The European Gaming and Betting Association (EGBA) has welcomed the Irish government’s proposals to establish a regulatory authority and a national self-exclusion register for gambling.
On October 21, Ireland’s Minister of State for Law Reform, Youth Justice and Immigration, James Browne TD, published the General Scheme of the Gambling Regulation Bill which aims to modernise and reform the regulation of gambling, including online gambling in Ireland.
The proposals will now be submitted for drafting to the country’s Office of Parliamentary Counsel and will also be referred to the Oireachtas Justice Committee for pre-legislative scrutiny, with the accompanying legislative process expected to take at least 12 months to finalise.
EGBA welcomed the publication of the proposals and the progress made in establishing dedicated regulations for online gambling in the country, but expressed concerns about recent media reports that the Irish Government may introduce a blanket ban on free bets.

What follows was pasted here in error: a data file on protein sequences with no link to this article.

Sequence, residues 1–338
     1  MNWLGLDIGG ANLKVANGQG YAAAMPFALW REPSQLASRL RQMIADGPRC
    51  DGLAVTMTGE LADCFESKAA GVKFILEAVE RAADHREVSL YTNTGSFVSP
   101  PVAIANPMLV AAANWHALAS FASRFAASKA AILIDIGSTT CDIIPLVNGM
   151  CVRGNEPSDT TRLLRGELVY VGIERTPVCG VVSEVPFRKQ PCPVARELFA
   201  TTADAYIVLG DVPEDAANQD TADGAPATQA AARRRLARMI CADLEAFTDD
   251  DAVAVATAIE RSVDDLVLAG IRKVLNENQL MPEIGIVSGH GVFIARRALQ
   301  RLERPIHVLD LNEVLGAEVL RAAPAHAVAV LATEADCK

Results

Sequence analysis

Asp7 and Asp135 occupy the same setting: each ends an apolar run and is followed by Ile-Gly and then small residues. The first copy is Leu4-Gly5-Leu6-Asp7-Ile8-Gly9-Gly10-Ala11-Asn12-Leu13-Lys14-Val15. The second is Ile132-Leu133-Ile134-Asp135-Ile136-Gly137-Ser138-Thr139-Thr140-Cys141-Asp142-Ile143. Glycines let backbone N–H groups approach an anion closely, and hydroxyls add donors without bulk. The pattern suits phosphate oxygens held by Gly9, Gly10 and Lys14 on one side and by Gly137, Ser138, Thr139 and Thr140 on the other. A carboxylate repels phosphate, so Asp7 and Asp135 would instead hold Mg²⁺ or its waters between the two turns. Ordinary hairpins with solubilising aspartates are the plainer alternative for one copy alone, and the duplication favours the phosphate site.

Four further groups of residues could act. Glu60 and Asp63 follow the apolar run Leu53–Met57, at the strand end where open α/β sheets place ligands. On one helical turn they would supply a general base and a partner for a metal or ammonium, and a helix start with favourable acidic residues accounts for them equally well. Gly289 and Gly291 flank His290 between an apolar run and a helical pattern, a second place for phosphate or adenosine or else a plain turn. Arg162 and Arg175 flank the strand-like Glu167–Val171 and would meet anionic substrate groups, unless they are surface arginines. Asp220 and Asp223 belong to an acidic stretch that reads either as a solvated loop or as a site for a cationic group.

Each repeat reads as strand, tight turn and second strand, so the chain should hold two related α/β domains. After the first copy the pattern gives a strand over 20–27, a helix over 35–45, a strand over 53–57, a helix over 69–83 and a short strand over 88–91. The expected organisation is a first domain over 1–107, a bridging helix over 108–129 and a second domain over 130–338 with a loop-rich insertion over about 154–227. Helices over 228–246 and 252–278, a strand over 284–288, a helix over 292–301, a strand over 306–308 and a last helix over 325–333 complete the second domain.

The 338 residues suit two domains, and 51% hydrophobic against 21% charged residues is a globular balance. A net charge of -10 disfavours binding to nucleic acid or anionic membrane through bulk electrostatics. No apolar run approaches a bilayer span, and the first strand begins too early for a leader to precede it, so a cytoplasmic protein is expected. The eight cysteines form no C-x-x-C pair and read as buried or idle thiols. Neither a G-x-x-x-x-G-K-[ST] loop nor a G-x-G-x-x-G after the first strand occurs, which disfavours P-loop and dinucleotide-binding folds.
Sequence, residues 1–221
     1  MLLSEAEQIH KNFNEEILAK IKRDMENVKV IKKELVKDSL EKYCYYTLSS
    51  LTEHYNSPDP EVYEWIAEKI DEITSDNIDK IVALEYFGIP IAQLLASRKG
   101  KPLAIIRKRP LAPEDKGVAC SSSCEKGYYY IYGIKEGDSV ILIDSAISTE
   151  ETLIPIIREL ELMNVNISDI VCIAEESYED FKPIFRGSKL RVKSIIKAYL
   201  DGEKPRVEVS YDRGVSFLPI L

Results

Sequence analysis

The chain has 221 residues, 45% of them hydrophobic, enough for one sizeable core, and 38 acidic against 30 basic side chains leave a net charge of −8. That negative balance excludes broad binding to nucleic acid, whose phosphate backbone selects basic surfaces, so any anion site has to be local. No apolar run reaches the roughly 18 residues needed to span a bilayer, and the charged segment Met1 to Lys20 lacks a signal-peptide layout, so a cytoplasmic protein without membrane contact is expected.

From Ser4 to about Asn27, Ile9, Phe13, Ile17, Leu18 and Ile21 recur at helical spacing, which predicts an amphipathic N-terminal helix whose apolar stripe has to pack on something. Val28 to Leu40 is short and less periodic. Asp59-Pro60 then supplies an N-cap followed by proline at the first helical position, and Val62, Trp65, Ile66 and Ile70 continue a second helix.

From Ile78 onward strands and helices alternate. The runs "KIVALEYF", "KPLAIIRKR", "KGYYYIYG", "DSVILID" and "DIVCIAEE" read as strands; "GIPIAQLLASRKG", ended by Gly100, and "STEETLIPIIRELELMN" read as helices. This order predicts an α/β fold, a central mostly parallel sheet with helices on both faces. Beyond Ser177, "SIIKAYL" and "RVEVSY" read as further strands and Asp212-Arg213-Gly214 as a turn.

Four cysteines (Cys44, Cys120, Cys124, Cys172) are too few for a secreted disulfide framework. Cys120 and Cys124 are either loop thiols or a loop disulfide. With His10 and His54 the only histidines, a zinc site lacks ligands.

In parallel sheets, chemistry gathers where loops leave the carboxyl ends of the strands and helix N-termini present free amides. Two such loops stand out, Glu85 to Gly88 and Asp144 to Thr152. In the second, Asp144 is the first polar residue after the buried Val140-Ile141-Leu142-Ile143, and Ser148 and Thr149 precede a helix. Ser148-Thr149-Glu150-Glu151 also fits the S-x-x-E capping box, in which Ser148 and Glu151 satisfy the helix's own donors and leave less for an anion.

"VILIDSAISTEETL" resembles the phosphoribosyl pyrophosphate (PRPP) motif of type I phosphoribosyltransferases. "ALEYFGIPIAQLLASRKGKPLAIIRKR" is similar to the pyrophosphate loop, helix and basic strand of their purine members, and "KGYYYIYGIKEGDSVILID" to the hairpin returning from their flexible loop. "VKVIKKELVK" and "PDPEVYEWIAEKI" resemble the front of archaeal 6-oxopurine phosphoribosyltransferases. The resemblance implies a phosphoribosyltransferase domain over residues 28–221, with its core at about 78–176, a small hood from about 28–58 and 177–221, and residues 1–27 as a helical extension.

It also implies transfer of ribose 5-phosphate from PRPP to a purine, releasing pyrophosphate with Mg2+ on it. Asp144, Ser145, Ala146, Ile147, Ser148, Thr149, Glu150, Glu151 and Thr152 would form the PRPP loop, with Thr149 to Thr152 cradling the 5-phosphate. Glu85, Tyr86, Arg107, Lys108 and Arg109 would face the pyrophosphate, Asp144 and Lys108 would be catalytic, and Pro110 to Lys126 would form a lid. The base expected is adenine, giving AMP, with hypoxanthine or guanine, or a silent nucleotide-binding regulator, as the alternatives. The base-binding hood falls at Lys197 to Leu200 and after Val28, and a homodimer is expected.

EGBA said that such a ban could nudge gamblers who regularly use free bets, or bonuses, to seek these with the many gambling websites, including those in the black market, which operate outside of the scope of Irish gambling regulation.
“We welcome the Irish government’s publication of the General Scheme of the Gambling Regulation Bill. This is an important milestone, and it provides companies, including our own members, with some certainty as to the direction of travel of the legislation. The EGBA looks forward to engaging with Minister Browne and his team to share our experiences from other European jurisdictions. With Ireland one of the two remaining countries in Europe which has no dedicated regulation of online gambling, this is an important opportunity to shape an Irish online gambling market which is well-regulated, meets the consumers’ needs and expectations, and sets a high level of consumer protection,” Maarten Haijer, Secretary-General of EGBA, said.